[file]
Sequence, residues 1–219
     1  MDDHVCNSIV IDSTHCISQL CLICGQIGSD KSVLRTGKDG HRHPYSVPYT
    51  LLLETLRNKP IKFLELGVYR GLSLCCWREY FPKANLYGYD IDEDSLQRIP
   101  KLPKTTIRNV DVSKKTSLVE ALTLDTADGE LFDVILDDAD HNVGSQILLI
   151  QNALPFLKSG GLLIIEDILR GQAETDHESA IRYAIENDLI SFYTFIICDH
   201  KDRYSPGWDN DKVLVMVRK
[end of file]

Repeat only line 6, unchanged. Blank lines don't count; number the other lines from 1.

   201  KDRYSPGWDN DKVLVMVRK